Debating the Iraq exit

The right claims Obama's plan vindicates Bush. The left fears Obama will continue Bush's war. Both are wrong.


Gary Kamiya
March 3, 2009 4:37PM (UTC)

On Friday, President Obama told the country that he will bring the Iraq war to an end. In a speech to the Marines at Camp Lejeune, N.C., Obama said that he would withdraw all combat brigades by Aug. 31, 2010, and withdraw all troops by the end of 2011, in accordance with the Status of Forces Agreement between the U.S. and Iraq.

Very little in Obama's speech was a surprise. During his campaign, he pledged to withdraw U.S. combat troops within 16 months after taking office. After consulting with his generals, who argued that period should be extended to 23 months, he compromised by making it 19 months. That was the only real difference between his campaign position and the plan he announced Friday.

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But if it wasn't surprising, his speech was nonetheless momentous. It was his first official statement about how he intends to end one of the longest, costliest and most controversial wars in U.S. history. It's worth taking stock of the provisional balance sheet of the war, as it begins its final phase. Obama is doing the right thing by winding down Bush's disaster in Iraq. But he is showing ominous signs of continuing his predecessor's policies in Afghanistan and Pakistan.

Democratic lawmakers generally praised the speech, although some questioned the size of the residual force of 35,000 to 50,000 troops that Obama said he would leave in Iraq to train Iraqi security forces, carry out counterterrorism missions and protect U.S. military and civilian personnel. Most liberal commentators also cautiously applauded it, but expressed concerns about the fuzzy distinction between "combat" and "non-combat" troops. The overriding concern on the left was that Obama might end up continuing the war indefinitely, overriding the SOFA agreement and sending the supposedly non-combat troops into endless counterinsurgency battles.

In general, Republicans and war supporters praised the speech, while attempting to claim that it somehow vindicated not just Bush's "surge" but the war itself. The Weekly Standard's reaction was typical: "There are many on the loud-mouthed left who are too dim to understand it, but this was Bush's gift to his successor." Even the farther-right-than-Attila editorial page of the Wall Street Journal praised Obama's plan.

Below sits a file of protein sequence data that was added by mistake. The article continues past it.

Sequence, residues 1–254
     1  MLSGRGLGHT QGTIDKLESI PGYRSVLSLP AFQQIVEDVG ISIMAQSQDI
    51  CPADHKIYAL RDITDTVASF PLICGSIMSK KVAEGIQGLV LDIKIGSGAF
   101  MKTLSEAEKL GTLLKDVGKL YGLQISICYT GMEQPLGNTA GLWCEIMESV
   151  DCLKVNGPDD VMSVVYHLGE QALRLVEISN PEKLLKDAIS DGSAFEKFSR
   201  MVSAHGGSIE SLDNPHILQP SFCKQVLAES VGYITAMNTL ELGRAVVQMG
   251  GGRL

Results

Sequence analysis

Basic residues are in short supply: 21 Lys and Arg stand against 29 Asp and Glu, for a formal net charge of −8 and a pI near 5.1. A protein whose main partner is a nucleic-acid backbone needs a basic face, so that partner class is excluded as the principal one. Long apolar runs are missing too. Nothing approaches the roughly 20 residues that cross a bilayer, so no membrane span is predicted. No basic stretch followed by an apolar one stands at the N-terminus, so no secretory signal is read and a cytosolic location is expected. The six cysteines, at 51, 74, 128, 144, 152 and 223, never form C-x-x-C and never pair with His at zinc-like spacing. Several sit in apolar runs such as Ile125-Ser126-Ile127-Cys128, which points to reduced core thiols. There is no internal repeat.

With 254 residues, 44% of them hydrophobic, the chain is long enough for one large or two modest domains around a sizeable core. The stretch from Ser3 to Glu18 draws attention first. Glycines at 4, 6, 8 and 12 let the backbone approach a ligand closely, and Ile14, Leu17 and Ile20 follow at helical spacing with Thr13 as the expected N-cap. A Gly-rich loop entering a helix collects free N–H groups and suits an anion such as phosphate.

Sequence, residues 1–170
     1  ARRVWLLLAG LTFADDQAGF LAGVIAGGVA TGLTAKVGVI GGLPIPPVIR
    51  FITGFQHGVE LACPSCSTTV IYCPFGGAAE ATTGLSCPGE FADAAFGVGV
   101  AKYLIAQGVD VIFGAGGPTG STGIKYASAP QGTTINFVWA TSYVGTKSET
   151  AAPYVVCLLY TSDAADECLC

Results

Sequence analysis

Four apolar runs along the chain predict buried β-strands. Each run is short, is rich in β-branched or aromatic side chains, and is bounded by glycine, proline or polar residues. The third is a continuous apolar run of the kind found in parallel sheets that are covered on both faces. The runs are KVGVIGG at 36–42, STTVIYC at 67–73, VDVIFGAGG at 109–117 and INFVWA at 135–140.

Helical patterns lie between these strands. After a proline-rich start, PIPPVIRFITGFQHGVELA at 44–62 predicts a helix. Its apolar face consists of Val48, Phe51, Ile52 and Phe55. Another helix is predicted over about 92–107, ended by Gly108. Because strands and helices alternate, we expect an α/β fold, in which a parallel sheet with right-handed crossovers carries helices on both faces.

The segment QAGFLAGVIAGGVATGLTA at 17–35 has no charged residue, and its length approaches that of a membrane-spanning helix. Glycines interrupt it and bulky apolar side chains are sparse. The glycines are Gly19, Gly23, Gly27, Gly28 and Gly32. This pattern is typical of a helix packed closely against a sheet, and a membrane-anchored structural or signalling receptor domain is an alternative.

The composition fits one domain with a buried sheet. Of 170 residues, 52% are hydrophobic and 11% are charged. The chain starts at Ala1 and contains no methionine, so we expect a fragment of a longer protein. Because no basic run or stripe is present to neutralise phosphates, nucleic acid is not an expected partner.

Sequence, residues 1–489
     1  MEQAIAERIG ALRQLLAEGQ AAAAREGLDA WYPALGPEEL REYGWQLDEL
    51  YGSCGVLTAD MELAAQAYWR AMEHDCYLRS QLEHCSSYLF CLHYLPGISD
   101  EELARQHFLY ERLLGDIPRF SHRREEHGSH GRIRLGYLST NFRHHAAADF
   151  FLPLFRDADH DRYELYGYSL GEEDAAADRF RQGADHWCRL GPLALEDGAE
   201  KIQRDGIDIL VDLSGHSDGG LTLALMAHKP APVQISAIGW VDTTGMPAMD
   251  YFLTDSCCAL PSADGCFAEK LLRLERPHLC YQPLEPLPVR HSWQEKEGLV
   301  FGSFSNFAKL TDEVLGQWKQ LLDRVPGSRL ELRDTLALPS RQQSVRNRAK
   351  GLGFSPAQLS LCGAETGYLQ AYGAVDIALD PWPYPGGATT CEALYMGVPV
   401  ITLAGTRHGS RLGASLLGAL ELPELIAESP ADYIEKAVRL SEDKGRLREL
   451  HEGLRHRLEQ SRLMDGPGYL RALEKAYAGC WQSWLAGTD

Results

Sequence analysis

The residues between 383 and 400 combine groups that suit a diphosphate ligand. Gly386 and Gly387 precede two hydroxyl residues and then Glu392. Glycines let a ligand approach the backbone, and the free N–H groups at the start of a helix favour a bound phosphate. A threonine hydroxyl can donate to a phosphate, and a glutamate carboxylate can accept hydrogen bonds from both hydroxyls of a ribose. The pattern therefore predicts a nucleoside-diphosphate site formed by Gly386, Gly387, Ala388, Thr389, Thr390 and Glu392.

Indeed, Obama took more heat from the left than the right -- another indication of the Mobius-strip nature of this strangest of wars. Chicago Tribune columnist Steve Chapman accused Obama of backsliding on his campaign promise to end the war expeditiously, saying "he has moved a long way toward Bush's view that we cannot leave until some sort of victory or success has been achieved." Antiwar's Justin Raimondo went further, painting Obama as a slick fraud who is disguising an endless continuation of the war as a pullout, and is about to compound his Iraq error by launching a major escalation in Afghanistan.

"What kind of a 'withdrawal' is this?" Raimondo wrote. "It is one so burdened with contingencies, conditional footnotes, and amendatory clauses, that it falls beneath its own weight and collapses into a fair approximation of the status quo ... It will take a couple of shiploads of flag-draped coffins -- and perhaps a couple of alarming incidents in Afghanistan and environs -- to wake up Obama's liberal supporters to what they're presently enabling with their silent complicity."

In the Nation, Robert Dreyfuss wrote, "It's hard not to take a glass-half-empty attitude toward President Obama's Iraq speech today -- especially when John McCain is praising his policy and prominent Democrats are criticizing it."